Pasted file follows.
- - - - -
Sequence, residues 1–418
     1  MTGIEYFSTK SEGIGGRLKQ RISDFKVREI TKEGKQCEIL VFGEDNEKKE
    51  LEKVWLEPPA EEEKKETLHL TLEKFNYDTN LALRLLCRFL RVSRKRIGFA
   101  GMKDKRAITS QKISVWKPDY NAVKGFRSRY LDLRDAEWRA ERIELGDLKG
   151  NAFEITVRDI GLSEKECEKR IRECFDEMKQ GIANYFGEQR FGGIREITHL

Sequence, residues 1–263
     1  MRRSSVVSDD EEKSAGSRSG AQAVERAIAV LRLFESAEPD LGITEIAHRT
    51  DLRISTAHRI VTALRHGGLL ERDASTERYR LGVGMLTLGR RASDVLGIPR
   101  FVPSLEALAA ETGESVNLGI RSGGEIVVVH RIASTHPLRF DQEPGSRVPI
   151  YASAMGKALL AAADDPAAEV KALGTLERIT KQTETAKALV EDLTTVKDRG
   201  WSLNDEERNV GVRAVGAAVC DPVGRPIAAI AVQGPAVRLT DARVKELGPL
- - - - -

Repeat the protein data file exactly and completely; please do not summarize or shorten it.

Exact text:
Sequence, residues 1–418
     1  MTGIEYFSTK SEGIGGRLKQ RISDFKVREI TKEGKQCEIL VFGEDNEKKE
    51  LEKVWLEPPA EEEKKETLHL TLEKFNYDTN LALRLLCRFL RVSRKRIGFA
   101  GMKDKRAITS QKISVWKPDY NAVKGFRSRY LDLRDAEWRA ERIELGDLKG
   151  NAFEITVRDI GLSEKECEKR IRECFDEMKQ GIANYFGEQR FGGIREITHL

Sequence, residues 1–263
     1  MRRSSVVSDD EEKSAGSRSG AQAVERAIAV LRLFESAEPD LGITEIAHRT
    51  DLRISTAHRI VTALRHGGLL ERDASTERYR LGVGMLTLGR RASDVLGIPR
   101  FVPSLEALAA ETGESVNLGI RSGGEIVVVH RIASTHPLRF DQEPGSRVPI
   151  YASAMGKALL AAADDPAAEV KALGTLERIT KQTETAKALV EDLTTVKDRG
   201  WSLNDEERNV GVRAVGAAVC DPVGRPIAAI AVQGPAVRLT DARVKELGPL